“Devaluation of standards in professional ethics is a dangerous trend. Its proliferation in medical profession is more calamitous than in other professional or occupational areas. “There can be few, if any, professions other than that of medicine about which it is possible to fashion a television series entitled 'Your Life in Their Hands” - (Mason and McCall Smith - Law and Medical Ethics). Failure to make a proper diagnosis sometimes may be the consequence of human error. But when diagnosis is correctly made, the imperative duty of the medical man to take adequate and prompt curative steps need not be overemphasised, for, any inertia on his side is at his risk as to all costs and consequences. If the allegations in this case are true, this would fall within the amplitude of the above proposition.” 
25. The legal principles stated above are well settled and if I apply the principles stated in the above decisions to this case, I can only find that the respondent was negligent in not taking care to see that the child had been cured completely at the time of discharge on 19.05.1989. Instead, he prescribed medicines for five days and in spite of a re-visit by the appellants with the child, he instructed that the medicines should be continued. It is not clear as to why the respondent did not take care to see as to what extent the child had been recovered, by taking x-ray, which is not explained properly. The evidence adduced by doctors in this case shows that there is 80 to 90% accuracy in the x-rays for pneumonia.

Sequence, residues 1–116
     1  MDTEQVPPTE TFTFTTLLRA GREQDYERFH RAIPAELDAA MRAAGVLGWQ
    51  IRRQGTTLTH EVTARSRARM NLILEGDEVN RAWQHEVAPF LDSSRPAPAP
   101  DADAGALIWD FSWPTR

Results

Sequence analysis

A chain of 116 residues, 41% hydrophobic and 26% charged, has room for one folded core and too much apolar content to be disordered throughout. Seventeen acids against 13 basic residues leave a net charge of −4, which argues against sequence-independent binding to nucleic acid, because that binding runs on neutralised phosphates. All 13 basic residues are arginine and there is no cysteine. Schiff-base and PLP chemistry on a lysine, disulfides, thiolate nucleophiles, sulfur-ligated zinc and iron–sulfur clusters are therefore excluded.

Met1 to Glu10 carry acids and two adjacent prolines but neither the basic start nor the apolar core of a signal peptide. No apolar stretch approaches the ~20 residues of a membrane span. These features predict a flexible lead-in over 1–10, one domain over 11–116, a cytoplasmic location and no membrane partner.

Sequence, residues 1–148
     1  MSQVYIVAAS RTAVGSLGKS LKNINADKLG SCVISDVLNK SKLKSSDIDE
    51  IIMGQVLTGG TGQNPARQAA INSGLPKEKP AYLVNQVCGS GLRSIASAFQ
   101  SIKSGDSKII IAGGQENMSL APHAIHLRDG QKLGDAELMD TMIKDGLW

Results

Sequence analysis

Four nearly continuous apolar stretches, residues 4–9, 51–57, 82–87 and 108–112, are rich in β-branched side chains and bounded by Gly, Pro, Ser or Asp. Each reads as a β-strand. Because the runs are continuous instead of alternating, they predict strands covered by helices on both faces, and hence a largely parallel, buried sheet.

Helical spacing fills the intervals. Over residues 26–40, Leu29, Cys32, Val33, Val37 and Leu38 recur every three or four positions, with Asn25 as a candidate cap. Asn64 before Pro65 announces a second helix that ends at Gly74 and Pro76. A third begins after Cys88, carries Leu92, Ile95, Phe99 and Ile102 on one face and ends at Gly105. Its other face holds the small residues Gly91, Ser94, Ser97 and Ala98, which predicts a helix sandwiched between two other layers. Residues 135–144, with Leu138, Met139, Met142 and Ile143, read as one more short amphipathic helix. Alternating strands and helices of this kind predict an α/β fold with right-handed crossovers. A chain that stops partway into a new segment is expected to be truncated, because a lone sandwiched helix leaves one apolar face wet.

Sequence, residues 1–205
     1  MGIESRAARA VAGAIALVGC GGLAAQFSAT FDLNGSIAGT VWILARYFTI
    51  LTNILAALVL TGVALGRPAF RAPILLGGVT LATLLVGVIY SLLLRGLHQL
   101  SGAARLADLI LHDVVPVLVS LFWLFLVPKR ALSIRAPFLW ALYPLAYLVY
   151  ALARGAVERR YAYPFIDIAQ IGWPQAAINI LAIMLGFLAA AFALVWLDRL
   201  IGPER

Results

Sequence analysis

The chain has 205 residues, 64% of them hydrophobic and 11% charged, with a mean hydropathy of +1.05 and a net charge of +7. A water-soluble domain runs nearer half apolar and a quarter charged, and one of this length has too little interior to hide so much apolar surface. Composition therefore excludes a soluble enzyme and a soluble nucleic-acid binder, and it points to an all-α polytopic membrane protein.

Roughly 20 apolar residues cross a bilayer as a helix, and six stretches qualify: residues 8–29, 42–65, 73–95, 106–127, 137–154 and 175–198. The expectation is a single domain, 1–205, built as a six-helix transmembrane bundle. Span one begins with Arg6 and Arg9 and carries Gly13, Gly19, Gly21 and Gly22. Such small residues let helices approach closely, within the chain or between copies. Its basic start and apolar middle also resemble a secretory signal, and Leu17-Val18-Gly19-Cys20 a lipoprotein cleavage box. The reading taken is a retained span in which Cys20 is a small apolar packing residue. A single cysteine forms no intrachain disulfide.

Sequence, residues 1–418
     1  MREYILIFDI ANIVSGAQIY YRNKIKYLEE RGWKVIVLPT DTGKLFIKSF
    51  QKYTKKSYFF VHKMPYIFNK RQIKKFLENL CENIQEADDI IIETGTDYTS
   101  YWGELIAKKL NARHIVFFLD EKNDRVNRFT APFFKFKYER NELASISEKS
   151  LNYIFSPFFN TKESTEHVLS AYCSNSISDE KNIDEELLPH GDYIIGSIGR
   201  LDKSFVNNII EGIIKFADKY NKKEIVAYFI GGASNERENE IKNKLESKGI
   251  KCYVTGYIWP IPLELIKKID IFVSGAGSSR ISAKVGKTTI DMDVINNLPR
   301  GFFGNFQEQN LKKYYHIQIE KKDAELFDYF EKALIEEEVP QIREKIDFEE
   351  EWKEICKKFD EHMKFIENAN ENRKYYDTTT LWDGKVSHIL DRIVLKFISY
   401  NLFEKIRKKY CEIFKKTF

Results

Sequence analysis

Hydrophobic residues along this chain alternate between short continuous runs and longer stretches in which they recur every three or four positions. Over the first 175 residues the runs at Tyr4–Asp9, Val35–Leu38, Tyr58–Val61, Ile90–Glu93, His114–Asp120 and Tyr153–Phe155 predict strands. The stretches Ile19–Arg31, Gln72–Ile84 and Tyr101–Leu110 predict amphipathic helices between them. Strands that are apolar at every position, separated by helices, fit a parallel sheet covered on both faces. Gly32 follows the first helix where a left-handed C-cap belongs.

26. Court below misread the evidence, despite finding that there are elements of negligence on the part of the respondent. On a reevaluation of the evidence, I am of the view that the court below thoroughly misread the evidence and failed to find the negligence on the part of the respondent in treating minor Archana. The fact that she died on account of complications arose out of emphysema is evident from Ext.A15 death report issued from Vijaya Clinic, Mangalore. Emphysema, indisputably, is a complication arising out of pneumonia infection and the child's chest cavity was full of pus. The quantity of pus evacuated on 27.051989 would show the degree to which she developed complications within a short time, which only indicates that the child was not cured at the time of discharging from the hospital of the respondent.
27. Having regard to the facts and circumstances, the quantum of damages claimed is modest in any count. I find that it is not excessive or baseless.
In the result, the appeal is allowed. Judgment and decree passed by the court below is set aside. Suit is decreed. The respondent shall pay an amount of 2,00,000/- (Rupees two lakhs only) as compensation to the appellants with interest at the rate of 6% per annum from the date of decree. The respondent shall bear the costs throughout. Court fee for the suit and appeal shall also be collected from the respondent.
All pending interlocutory applications will stand closed.